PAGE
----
September 25, 2006.
What a day to be outdoors! For the past few weeks, we’ve gotten some scattered cloudy or rainy days and everyone kept saying, summer’s over, the rain is coming, bla bla bla. Well today topped out at 85 degrees and the sun beat down heartily with no clouds in sight. It was actually a little too warm, but that’s okay.
I chose to do this loop based on it’s reputation for being a real butt-kicker. It didn’t nearly live up to all the hype (they never do) but the hike was enjoyable for so many other reasons.
I began from the Kings Mtn. trailhead and followed the Wilson River trail along the road for 3.5 miles. The forest here was simply gorgeous. Lush ferns lined the forest floor while tall trees gracefully reached up towards the sun. Birds and squirrels chattered amongst themselves as I lost myself in the serenity of this place. With the exception of the traffic, of course… I didn’t know a forest road could be so busy.
At the junction with the Elk Mtn Trail, the trail’s character changes dramatically with a quick, steep uphill climb that flattens out a little and the gradually gets steeper as you ascend. Although the peak is a mere 1.4 miles away, these 1.4 miles feel like they go on forever. There are elevation signs at 1500 ft and 2500ft., which I found more annoying than helpful because I thought “I’ve only climbed 1000 ft between signs?!” I stopped several times to catch my breath and admire the lovely views that could be had all along the way. I had a face-off with a squirrel, listened for birds, and stepped around caterpillars. I’d only seen one person so far, and he darted up this trail while I was snacking at the bottom so I didn’t see him again. Wonderful.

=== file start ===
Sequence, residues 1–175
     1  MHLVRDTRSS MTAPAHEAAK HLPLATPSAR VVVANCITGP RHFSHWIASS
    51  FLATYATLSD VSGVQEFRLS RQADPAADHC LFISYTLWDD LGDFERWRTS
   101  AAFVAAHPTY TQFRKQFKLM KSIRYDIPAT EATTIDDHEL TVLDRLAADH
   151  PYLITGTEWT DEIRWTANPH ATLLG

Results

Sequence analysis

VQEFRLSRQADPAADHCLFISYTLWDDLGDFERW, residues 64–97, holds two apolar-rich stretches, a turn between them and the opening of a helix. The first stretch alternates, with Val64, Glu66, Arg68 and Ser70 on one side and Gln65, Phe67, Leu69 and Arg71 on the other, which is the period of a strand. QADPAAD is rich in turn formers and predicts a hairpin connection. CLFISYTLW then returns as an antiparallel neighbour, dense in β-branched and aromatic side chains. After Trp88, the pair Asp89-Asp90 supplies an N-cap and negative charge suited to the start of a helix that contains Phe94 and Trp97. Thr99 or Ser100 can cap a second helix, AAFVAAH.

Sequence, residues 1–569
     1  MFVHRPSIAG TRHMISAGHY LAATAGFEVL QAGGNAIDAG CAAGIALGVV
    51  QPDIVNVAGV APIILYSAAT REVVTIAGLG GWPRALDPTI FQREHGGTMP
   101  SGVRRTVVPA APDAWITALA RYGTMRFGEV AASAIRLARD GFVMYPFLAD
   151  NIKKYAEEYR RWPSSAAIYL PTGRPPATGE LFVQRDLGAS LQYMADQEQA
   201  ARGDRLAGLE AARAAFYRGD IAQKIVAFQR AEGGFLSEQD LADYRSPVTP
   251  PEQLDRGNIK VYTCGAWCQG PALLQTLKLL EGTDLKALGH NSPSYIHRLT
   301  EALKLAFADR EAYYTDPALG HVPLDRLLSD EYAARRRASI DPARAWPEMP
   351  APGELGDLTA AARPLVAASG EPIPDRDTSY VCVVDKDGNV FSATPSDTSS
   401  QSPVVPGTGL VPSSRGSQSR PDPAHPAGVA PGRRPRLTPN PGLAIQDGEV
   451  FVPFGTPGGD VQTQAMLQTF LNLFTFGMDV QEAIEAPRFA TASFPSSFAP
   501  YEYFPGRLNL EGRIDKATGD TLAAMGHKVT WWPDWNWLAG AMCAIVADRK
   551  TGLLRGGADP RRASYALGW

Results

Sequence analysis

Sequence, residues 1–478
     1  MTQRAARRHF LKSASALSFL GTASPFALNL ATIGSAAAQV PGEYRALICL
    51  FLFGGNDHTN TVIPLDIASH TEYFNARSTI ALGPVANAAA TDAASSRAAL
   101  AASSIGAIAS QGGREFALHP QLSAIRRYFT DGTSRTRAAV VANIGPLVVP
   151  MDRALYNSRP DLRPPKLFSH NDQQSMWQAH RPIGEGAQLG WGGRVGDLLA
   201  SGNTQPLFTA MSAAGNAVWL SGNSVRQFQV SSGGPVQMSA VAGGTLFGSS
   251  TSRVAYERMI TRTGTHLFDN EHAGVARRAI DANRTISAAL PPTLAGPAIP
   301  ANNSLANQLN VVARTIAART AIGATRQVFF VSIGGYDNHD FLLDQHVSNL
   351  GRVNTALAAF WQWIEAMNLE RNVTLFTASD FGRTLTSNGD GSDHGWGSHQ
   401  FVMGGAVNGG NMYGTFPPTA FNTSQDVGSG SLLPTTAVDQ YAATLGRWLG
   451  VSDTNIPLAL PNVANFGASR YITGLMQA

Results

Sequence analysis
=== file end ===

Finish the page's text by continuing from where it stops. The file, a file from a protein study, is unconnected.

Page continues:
After several false summits along this rough ridge I reached the top. From the wide, flat summit I enjoyed panoramic views of the surrounding peaks. I could see Kings Mountain, my next stop today, and the jagged ridge leading that way. I could also faintly see Mt. Hood looming in the distance.
Here I ate lunch, took a nice catnap in the sun, and then left for the next leg of the journey.
The walk over to the Kings Mtn trail changes from super steep to super flat and everything in between. Definitely a fun stretch for an A.D.D. hiker like me! Along the way I noticed patches of autumn reds and yellows, but sadly realized there will be no New England fall display here. It looked like the mountains really wanted to change colors, but they just couldn’t :).
The last uphill push to Kings Mountain involved plenty of steep ups and downs, but nothing too out of control. There were no fear-of-falling moments or treacherous downhill segments as described in just about every sign and trip report regarding this hike. I thought the “caution” sign and rope were a bit over the top. Perhaps I’ve just done too many really scary hikes to appreciate the challenges of this one!
I reached the top of Kings Mountain at about the same time as another hiker coming up from the other side. I quickly signed in and retreated down from where the other hiker came, running into her (presumed) husband along the way. He was all decked out in khaki with Scarpa mountaineering boots, calf-high red wool socks and a two-way radio. These folks don’t mess around! He was very nice, so I chatted with him for a minute before tearing down the trail. Oh, how I love those steep downhills after all that up!
The whole way down I thought, “this would be a KILLER winter hike!!!” I am now psyched to hit this loop again once it’s covered in ice and snow. There are endless glissading opportunities on the way down and probably some really fun axe/crampon climbing involved on the way up. Now I just need to convince someone else that this would be fun!